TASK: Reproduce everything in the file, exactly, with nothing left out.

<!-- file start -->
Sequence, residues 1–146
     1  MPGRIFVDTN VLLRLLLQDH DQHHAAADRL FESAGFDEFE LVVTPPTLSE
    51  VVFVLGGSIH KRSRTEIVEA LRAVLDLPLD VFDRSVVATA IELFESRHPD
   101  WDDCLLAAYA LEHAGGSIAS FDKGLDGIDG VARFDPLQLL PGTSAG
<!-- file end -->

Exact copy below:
Sequence, residues 1–146
     1  MPGRIFVDTN VLLRLLLQDH DQHHAAADRL FESAGFDEFE LVVTPPTLSE
    51  VVFVLGGSIH KRSRTEIVEA LRAVLDLPLD VFDRSVVATA IELFESRHPD
   101  WDDCLLAAYA LEHAGGSIAS FDKGLDGIDG VARFDPLQLL PGTSAG